Media praise for Inside the Windows 95 Registry

More than one book has emerged purporting toDespite the fact that the title specifically says "Windows 95," the book covers the NT registry better than some books claiming to do it all. Other books on the say about it, beyond the published API. This book leaves you amazed the book by listing a handful of the many topics covered. saw anyone actually perform a benchmark to provide data instead of registry, this book spends some time telling you what you should put tasks, such as recording window size/position and recording a most-recently-used file list. If you think that's an obvious topic that no registry book could omit, you haven't read some of the stinkers I have. There's a large, informative section on the registry manipulations involved in setting up file associations (so the right programs are associated with the right file extensions). There's information on where to define MIME content types. There's a chapter devoted to using the registry with Visual Basic, which has its own special set of issues. Would you believe there's a chapter on accessing the Win95 registry from VxDs and 16-bit DOS or Windows applications? Amazing!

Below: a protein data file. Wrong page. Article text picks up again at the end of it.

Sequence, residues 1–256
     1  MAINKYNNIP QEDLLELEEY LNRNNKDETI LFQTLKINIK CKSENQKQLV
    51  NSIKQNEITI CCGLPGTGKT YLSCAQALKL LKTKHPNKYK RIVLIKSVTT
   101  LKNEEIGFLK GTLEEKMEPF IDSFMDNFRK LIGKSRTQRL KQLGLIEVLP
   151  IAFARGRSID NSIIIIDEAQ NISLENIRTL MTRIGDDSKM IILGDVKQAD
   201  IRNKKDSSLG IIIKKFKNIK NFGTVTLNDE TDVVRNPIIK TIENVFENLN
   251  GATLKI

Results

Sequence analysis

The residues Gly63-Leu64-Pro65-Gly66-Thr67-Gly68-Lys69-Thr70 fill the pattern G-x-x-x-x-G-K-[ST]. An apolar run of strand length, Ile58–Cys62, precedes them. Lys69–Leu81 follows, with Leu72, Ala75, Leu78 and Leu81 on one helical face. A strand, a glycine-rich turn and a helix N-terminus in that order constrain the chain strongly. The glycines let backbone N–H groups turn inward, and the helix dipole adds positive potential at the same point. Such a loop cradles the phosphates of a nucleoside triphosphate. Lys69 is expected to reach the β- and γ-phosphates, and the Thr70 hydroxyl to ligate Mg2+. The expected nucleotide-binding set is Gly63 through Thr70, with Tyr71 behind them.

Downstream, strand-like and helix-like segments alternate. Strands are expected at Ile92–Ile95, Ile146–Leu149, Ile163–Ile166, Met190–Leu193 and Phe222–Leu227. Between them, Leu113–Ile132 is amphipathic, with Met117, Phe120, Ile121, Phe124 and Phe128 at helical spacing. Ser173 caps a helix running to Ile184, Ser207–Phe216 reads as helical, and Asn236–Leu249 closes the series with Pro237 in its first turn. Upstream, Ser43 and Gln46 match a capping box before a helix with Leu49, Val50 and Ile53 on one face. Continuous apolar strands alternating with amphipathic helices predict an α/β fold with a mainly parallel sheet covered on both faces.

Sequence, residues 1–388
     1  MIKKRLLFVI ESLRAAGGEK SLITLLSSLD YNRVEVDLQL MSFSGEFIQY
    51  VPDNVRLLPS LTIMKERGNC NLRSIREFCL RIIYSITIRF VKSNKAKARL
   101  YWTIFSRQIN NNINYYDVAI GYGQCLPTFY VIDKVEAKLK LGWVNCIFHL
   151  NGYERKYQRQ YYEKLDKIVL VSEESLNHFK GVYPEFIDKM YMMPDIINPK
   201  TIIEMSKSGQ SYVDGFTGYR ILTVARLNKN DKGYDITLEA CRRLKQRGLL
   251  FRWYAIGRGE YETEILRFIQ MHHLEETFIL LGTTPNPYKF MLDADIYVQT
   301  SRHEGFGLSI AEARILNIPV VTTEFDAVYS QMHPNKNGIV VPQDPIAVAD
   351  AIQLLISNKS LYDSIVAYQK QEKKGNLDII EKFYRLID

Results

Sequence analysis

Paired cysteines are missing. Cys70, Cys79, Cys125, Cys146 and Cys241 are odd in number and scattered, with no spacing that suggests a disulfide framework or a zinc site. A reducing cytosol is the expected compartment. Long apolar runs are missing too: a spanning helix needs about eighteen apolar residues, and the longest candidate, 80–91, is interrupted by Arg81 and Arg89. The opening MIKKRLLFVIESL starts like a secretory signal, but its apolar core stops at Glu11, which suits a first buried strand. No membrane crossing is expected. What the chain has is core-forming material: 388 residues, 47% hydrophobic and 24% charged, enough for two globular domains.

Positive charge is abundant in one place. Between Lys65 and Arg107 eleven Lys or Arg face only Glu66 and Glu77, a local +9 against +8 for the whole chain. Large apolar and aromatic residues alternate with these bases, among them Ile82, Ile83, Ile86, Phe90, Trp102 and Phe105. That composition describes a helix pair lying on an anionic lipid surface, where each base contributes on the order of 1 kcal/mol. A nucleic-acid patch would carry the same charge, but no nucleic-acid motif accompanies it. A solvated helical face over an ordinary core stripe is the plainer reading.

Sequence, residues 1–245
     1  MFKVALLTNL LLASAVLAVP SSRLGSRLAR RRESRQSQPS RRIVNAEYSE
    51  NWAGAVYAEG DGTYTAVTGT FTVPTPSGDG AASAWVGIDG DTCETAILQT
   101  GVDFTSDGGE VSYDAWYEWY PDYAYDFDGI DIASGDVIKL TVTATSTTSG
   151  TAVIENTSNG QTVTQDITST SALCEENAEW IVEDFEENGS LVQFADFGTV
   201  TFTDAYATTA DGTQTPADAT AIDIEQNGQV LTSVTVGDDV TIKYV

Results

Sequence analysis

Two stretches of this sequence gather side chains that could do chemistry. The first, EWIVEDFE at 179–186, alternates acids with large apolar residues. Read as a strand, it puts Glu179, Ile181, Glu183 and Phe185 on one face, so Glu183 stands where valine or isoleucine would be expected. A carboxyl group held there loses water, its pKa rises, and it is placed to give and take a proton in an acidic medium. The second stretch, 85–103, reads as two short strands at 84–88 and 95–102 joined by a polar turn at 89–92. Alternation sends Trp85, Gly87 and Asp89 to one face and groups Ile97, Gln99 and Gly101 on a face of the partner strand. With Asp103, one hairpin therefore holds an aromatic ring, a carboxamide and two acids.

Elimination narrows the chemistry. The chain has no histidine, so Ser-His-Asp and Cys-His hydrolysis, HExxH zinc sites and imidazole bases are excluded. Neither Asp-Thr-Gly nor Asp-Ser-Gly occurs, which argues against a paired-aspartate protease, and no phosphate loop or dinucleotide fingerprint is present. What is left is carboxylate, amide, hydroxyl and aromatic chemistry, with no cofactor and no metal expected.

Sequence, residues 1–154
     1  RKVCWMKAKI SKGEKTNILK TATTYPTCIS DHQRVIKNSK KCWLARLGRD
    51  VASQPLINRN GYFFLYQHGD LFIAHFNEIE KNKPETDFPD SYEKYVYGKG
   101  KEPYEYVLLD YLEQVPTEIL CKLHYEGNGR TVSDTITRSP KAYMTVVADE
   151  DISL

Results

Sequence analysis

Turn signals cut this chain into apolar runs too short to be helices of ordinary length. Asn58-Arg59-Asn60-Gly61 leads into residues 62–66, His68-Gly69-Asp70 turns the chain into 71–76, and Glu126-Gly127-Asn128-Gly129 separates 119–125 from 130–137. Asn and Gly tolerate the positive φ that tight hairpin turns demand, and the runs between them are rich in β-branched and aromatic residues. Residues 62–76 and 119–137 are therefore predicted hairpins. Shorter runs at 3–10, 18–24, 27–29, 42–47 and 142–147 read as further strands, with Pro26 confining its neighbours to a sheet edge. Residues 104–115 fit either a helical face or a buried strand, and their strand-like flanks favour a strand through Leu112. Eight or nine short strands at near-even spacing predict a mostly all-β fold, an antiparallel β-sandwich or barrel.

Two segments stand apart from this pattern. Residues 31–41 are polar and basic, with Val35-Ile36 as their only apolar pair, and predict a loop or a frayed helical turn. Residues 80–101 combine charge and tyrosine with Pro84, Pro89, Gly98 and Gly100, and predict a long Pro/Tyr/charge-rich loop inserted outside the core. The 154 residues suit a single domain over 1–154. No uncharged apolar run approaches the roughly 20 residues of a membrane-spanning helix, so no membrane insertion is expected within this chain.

The information here is not just a parroting of facts obtainable elsewhere, but is rich in experience. For example, the documentation can tell you the location of the registry key that contains DLLs shared by more than one application; this book will tell you that, in practice, people are storing any kind of shared file (.vxd, .exe, .hlp, etc.) there.

In real life, you might need to figure out what some application is reading from the registry in order to figure out why it isn't working. The code disk includes a registry spy utility to help you do that. There's just a wealth of experience in this book, including innumberable asides that solve little mysteries about the registry and applications that use the registry.

All programmers do not need a book on the registry. The published API is not terribly difficult to use to perform basic tasks. However, once the task exceeds simply storing a few values in a few locations of your own choosing, the odds go up that an external source of information will be helpful. If you're going to own any book about programming the registry, this is the one to have. --Ron Burk, "Windows Developer's Journal"